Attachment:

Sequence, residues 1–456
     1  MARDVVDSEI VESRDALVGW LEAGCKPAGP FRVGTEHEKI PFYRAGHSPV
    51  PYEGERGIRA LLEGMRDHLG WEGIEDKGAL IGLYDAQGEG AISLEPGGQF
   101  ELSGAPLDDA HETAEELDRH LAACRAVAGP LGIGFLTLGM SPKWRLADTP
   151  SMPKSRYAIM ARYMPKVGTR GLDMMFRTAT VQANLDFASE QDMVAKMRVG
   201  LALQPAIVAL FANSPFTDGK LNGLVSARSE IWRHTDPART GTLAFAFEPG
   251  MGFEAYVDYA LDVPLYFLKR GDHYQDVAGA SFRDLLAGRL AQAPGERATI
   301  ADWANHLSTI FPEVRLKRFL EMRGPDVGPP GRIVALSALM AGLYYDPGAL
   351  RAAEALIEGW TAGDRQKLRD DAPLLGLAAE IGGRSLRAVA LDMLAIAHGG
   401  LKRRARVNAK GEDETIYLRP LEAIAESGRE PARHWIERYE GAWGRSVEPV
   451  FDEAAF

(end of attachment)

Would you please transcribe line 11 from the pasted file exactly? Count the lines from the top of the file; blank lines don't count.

   451  FDEAAF